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I had another good class last night. We did a lot of break falls, and my sempai, Micah, complimented me on how well I was falling. It's good to know that my ukemi hasn't gotten too rusty during my break.
Naturally, break falls can be rather hard on one's body; or at least on my body. I had to pay special attention to maintaining proper form for the falls or I'd risk aggravating my previous injuries, or even worse, causing new injuries. Ukemi, in a way, is self-correcting. With practice, we learn how to avoid doing the things that hurt. :-)
I've got one or two small injuries -- a toe that got stepped on pretty hard, and a bruise here or there -- but three major injuries. The first is my left ankle, which I sprained in two places pretty severely a couple of weeks before my wedding in April of 2002. I took some time off from aikido for physical therapy at the beginning of 2003 -- 14 weeks or so. This was after spending most of 2002 wearing an air cast and doing my best to keep up in class, but training really aggravated the ankle pain. The physical therapy worked pretty darned well and my ankle is at 95% health. I was able to go back to regular training in March of this year. After I got back into training, I spent a lot of time working on my tenkan and zengoundo movements to minimize the strain I put on my ankles and knees.
The second is the carpel tunnel syndrome in my wrists. This was a preexisting condition that I've had since high school. The aikido training actually helps with the problem as I've felt less pain and had fewer problems after I started training more than four years ago. I think the wrist stretches and the pins help keep my wrists supple. While I was out for the physical therapy on my ankle, my wrists flared up and I started wearing braces pretty much all the time for a few weeks. Now I will sometimes wear the braces at work (computer work) and sometimes to sleep. Overall, I've been pleased at the beneficial effect training has had for my wrists.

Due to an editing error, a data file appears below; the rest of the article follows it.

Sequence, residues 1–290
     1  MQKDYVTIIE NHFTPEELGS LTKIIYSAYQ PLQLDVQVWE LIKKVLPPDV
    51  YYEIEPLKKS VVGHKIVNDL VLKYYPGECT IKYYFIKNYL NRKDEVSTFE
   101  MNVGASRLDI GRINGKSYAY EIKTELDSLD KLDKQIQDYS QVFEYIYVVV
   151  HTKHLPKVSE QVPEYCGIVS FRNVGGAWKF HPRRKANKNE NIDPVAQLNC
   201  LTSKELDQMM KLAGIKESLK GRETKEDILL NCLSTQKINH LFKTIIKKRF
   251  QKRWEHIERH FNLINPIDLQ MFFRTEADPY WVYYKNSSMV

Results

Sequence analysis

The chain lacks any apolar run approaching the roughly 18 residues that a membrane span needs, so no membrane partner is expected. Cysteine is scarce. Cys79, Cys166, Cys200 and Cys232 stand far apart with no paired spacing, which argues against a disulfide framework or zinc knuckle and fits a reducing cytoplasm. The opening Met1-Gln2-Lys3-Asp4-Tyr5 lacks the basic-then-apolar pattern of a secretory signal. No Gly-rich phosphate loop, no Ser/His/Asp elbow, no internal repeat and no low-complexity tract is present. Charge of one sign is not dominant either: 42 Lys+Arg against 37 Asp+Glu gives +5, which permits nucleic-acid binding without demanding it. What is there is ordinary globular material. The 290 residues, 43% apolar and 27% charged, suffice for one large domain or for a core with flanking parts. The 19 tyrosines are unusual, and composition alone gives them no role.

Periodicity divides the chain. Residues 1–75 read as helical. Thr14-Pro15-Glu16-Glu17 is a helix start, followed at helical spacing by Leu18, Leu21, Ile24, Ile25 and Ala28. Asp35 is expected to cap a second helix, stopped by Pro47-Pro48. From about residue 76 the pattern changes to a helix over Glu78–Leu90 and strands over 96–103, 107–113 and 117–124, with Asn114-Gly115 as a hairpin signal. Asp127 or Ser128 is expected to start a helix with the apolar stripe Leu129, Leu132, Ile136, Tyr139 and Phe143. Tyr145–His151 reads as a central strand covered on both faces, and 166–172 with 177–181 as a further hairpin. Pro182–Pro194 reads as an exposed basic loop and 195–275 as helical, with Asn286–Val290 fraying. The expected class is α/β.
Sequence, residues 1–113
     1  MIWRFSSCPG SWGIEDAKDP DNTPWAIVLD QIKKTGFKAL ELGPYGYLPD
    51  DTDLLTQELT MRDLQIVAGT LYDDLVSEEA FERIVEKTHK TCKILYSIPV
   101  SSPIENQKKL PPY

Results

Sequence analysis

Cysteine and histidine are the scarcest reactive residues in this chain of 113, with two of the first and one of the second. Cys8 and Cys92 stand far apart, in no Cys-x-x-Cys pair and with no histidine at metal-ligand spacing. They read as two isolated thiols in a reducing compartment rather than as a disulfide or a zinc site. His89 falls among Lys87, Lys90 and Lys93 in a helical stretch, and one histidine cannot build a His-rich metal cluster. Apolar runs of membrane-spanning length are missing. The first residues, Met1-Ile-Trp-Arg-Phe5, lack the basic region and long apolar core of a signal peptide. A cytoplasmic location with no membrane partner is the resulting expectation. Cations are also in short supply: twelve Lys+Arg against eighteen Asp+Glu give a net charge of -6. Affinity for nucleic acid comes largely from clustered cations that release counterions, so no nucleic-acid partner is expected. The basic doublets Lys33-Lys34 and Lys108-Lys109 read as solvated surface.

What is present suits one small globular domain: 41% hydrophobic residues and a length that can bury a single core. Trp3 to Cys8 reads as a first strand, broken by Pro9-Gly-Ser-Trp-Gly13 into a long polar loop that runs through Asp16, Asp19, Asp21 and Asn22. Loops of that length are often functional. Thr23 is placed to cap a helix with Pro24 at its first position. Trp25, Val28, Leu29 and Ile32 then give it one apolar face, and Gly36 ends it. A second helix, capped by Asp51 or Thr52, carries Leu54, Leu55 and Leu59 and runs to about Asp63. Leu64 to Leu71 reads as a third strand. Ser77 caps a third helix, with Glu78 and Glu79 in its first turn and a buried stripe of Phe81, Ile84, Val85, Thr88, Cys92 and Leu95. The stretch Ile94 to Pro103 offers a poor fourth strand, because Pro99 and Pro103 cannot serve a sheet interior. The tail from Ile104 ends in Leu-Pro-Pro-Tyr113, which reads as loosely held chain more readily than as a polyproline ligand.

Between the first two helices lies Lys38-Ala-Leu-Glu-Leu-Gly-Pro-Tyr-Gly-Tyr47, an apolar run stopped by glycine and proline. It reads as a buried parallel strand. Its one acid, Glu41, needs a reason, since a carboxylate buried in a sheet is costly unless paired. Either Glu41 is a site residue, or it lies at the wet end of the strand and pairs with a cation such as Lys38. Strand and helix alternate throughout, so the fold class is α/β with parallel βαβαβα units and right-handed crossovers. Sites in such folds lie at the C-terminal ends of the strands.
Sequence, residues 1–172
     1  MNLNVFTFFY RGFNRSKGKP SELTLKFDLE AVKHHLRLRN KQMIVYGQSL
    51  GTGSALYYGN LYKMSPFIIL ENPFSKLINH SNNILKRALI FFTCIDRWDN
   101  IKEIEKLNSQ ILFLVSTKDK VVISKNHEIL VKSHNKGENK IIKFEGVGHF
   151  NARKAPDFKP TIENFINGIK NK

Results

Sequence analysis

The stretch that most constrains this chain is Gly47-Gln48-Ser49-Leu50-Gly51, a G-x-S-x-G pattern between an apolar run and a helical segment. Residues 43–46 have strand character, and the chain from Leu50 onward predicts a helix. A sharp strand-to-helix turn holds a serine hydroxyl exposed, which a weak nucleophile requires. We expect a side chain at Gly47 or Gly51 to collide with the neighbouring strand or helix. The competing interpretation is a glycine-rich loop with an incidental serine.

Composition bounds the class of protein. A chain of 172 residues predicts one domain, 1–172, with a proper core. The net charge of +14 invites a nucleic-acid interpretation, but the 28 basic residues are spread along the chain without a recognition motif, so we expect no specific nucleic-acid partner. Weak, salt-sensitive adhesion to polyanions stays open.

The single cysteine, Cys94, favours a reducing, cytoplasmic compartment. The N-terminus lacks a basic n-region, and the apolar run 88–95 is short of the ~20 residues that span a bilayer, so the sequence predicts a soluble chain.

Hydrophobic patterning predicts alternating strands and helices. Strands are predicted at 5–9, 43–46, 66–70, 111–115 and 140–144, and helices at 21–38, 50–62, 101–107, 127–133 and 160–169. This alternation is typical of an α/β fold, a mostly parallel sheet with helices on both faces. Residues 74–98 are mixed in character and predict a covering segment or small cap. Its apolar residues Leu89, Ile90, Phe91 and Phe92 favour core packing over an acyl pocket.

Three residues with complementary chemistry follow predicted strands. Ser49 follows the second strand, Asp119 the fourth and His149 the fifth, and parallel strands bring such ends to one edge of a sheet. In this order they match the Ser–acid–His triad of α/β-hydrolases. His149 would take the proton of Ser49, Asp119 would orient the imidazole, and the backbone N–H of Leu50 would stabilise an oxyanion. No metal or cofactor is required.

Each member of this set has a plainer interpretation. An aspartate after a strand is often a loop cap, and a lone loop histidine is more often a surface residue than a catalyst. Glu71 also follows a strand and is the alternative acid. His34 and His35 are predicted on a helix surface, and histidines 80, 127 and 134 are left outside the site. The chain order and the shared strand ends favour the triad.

The third major injury is to my right shoulder. I've injured that should before when I was first learning how to do forward rolls. Even before that, I had tendinitis in that shoulder (actually in both shoulders) from lifting weights. But things had mostly healed until this past summer when I injured it again. We were working on one of the kumijo when ukejo's jo get's planted on the mat and he goes over it into a break fall. The break fall isn't always necessary, but we were doing it this time. I was ukejo, and when I went over, the jo sliped and my arm got stretched out behind me. The result was probably a small tear in the muscle. I feel pain on the posterior deltoid and the point of the deltoid. I've probably got tendinitis there again as well. Considering how well the PT worked for the ankle, I'll probably be seeing my doctor after the new year about my shoulder.
In the meantime, the biggest problem I have with it is when I slap while taking a side fall or break fall. I found last night that if I slap closer to my body, the shoulder doesn't hurt. So just like I spent a lot of time getting my turning movements so that they didn't hurt my ankles, I'm going to spend a lot of time working on slapping when I fall. The thing is, when you do things right in aikido, it shouldn't hurt.
In general, I find that after I've been training consistently for a couple of months, a short break, a skipped class, can help me recover enough that I'm not too sore from exertion or aggravating my injuries. I tend to dislike the breaks, but I want to be able to train for a very long time so staying physically healthy is a prime concern. A little wear and tear is normal, and we train hard, but I'll be thirty in ten days, and I'm beginning to feel that fact that I'm not 18 any more.